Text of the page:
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Yesterday’s attack by Russian fighter jets and artillery in the besieged port city of Mariupol was dubbed a war crime. And Chernihiv also endured a “colossal attack”, less than a day after the Kremlin vowed to pull back from the city and Kyiv.
The Prime Minister told MPs the UK was “certainly looking at going up a gear in our support for the Ukrainians as they defend themselves”.
He said there was a “humanitarian catastrophe” in Mariupol and “the question is, can we help the Ukrainians relieve Mariupol, if that were possible?”.
He added: “Would armour, would APCs (armoured personnel carriers) be useful for them [or] armoured Land Rovers? We are certainly looking at that.”
Mr Johnson told the Commons Liaison Committee relieving Mariupol would be a “great thing to do”, but it was going to be “very, very tough”.
He added: “What’s happening is absolutely tragic. If we could think of an easy solution, we’d do it. But we are, as everybody knows, heavily constrained.”
The PM said he understood why US president Joe Biden declared Putin should be removed from the Kremlin, but that was “not the objective of the UK Government”.
He distanced himself from French leader Emmanuel Macron’s attempts to negotiate with Putin, who has warned the shelling of Mariupol will end only when Ukrainian troops surrender.
Ukraine’s human rights commissioner, Lyudmyla Denisova, called the bombing of Red Cross buildings a war crime and a “gross violation of the 1949 Geneva convention”.
At least 5,000 and possibly as many as 10,000 people have been killed in Mariupol, according to a senior Ukrainian official.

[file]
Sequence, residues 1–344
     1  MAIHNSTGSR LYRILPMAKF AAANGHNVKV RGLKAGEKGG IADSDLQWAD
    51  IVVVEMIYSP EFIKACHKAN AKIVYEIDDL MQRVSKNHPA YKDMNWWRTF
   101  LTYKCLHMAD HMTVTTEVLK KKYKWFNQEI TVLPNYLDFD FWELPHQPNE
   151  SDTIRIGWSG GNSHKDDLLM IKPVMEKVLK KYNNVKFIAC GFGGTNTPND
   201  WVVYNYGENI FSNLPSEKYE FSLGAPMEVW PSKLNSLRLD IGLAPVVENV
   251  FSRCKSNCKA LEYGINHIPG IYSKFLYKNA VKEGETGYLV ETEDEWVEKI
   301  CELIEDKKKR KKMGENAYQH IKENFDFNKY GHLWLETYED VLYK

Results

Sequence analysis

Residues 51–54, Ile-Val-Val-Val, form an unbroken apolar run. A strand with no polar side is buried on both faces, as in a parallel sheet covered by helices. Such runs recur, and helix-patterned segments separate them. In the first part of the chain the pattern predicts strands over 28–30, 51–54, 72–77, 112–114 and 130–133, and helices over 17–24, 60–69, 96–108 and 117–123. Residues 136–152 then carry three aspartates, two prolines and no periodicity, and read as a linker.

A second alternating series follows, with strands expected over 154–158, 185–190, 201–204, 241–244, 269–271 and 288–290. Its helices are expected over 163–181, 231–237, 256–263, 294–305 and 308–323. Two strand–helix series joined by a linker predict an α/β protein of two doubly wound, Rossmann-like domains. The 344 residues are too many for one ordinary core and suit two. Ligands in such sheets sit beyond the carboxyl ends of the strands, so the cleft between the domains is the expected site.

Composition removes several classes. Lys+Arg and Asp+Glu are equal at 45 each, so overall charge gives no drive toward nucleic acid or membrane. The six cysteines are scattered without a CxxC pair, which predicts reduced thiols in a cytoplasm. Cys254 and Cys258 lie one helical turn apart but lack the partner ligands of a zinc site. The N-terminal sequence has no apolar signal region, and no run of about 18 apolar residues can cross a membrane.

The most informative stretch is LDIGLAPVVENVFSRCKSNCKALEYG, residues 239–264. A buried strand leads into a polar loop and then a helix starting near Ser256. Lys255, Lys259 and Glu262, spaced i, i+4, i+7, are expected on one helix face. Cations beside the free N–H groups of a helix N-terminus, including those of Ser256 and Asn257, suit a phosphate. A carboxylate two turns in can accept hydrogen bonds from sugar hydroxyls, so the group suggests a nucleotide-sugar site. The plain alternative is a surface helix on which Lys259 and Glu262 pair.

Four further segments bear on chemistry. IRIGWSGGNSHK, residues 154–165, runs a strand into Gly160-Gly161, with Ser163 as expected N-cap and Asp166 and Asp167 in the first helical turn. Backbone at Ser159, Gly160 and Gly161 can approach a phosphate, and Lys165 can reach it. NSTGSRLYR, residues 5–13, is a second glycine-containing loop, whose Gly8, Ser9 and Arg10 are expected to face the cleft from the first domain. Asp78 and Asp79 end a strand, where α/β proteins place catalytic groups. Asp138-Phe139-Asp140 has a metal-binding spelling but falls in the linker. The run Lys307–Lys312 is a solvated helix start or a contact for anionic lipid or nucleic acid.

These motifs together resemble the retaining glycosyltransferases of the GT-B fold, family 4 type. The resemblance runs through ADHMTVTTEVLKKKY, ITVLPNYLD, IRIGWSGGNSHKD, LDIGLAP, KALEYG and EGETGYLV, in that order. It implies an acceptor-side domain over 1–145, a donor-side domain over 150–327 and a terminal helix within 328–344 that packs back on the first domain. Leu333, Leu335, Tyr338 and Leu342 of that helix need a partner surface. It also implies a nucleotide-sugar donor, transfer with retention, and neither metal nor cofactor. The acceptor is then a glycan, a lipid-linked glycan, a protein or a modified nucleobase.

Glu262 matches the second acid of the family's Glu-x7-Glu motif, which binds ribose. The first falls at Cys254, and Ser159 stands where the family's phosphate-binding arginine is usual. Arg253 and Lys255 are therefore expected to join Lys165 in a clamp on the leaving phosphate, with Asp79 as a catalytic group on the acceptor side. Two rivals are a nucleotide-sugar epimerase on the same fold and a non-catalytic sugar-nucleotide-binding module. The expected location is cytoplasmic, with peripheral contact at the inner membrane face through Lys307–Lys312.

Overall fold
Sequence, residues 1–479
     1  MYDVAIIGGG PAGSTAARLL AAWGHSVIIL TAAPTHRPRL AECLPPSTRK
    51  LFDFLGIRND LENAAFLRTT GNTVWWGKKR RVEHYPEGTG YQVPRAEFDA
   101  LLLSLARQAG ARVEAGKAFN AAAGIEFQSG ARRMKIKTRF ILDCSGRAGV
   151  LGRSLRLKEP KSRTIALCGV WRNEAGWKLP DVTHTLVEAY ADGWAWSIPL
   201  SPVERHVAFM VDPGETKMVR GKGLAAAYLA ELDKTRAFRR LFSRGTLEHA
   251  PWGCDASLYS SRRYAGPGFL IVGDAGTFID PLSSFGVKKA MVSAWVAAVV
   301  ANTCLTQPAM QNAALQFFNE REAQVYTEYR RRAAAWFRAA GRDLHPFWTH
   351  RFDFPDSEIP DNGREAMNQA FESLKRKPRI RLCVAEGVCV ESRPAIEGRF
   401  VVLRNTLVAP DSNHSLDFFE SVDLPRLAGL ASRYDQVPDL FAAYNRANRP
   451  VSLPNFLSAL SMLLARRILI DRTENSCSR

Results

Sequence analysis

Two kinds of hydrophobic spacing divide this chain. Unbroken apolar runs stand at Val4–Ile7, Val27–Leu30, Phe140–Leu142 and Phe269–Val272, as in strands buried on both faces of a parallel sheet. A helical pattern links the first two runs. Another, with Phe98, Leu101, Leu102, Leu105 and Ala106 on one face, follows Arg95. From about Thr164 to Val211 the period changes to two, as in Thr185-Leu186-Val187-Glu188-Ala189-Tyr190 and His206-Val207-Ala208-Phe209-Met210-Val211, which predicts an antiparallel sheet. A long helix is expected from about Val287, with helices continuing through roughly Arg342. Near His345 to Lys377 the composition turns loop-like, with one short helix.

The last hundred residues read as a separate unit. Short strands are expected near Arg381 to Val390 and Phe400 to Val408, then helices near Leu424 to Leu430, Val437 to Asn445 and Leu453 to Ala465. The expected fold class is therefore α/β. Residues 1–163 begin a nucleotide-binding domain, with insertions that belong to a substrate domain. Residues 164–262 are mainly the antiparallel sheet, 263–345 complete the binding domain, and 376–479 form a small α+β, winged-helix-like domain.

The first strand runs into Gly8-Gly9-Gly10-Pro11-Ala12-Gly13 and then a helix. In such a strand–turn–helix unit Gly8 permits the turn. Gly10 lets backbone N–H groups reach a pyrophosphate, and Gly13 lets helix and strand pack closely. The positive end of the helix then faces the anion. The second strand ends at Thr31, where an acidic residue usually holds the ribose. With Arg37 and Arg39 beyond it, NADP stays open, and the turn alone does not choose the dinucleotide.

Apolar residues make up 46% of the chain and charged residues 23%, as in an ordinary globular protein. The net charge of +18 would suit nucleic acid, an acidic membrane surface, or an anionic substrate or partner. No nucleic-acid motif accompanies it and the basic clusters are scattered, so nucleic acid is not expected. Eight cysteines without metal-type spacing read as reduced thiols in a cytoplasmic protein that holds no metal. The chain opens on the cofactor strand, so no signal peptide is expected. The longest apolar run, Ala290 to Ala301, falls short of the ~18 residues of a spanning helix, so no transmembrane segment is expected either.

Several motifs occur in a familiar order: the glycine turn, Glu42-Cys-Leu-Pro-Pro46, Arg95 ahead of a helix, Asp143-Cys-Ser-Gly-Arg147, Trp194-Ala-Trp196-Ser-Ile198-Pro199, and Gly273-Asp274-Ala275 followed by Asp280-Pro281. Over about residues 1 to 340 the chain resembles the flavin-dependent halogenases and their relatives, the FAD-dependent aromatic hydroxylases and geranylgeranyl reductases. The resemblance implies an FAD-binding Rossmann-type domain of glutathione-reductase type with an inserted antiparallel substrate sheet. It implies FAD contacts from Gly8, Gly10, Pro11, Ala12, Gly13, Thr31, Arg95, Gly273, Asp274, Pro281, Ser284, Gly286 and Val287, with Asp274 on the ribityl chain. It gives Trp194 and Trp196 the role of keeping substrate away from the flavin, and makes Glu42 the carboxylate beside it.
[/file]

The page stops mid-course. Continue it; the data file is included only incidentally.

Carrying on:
Moscow’s troops were yesterday accused of abducting more than 70 people, including women and doctors, from a hospital. Meanwhile, satellite imagery released by Earth observation company Maxar revealed the scale the destruction in Mariupol, with residential areas reduced to rubble.
They also show Russian artillery cannon in firing positions on the outskirts of the city. But a Western intelligence chief said Putin feels “misled by the Russian military” and has lost faith in his top officials.
It came as Russia started to reposition 20 per cent of the forces around Kyiv, the Pentagon said. Putin’s troops have also begun to pull out of the Chernobyl nuclear power site after seizing control last month.
Pentagon spokesman John Kirby warned that Russia will redeploy troops elsewhere. He said: “We all should be prepared to watch for a major offensive against other areas. It does not mean the threat to Kyiv is over.”
In the UK, campaigners urged the Government to cut red tape as figures showed just 2,700 visas have been granted under the Homes for Ukraine scheme, despite applications reaching 28,300.
While other European countries have waived checks, Britain retains a visa requirement on security grounds.
Sonya Sceats, of the charity Freedom from Torture, said the number was “woeful” and shadow home secretary Yvette Cooper blamed “shambolic Home Office bureaucracy”.
But Mr Johnson said: “We have just been hearing about modern slavery, about sexual trafficking, about children, about gangsters who might be trading in evacuees. There will be people coming from that war zone who may not be entirely who they say they are.”
Four million people have fled Ukraine since the invasion on February 24.
Oligarchs’ wings clipped with ban on repairs to ‘luxury toys’ in UK
RUSSIAN oligarchs have been banned from having their jets, helicopters and ships repaired in the UK under sanctions targeting their “luxury toys”.
The Government tightened up laws to stop Vladimir Putin’s cronies benefitting from world-leading aviation expertise.
Sanctions have also been ramped up against Eugene Shvidler, a billionaire oil tycoon with close business links to Roman Abramovich and Oleg Tinkov, the founder of Tinkoff Bank.
Transport Secretary Grant Shapps said the reforms would “deprive oligarchs access to their luxury toys”. And Foreign Secretary Liz Truss said Putin and his elite “have been surprised by the strength” of the UK’s sanctions.